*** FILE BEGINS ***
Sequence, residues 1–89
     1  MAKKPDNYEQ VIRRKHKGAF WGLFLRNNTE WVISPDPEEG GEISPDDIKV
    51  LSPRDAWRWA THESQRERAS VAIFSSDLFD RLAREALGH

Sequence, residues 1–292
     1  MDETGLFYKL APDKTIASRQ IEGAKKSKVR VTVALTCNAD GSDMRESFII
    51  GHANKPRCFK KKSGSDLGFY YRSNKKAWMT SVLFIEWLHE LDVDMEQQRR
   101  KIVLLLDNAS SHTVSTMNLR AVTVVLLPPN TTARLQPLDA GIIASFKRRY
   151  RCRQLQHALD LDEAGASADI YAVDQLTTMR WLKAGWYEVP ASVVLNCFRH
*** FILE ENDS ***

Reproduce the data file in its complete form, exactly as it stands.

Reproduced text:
Sequence, residues 1–89
     1  MAKKPDNYEQ VIRRKHKGAF WGLFLRNNTE WVISPDPEEG GEISPDDIKV
    51  LSPRDAWRWA THESQRERAS VAIFSSDLFD RLAREALGH

Sequence, residues 1–292
     1  MDETGLFYKL APDKTIASRQ IEGAKKSKVR VTVALTCNAD GSDMRESFII
    51  GHANKPRCFK KKSGSDLGFY YRSNKKAWMT SVLFIEWLHE LDVDMEQQRR
   101  KIVLLLDNAS SHTVSTMNLR AVTVVLLPPN TTARLQPLDA GIIASFKRRY
   151  RCRQLQHALD LDEAGASADI YAVDQLTTMR WLKAGWYEVP ASVVLNCFRH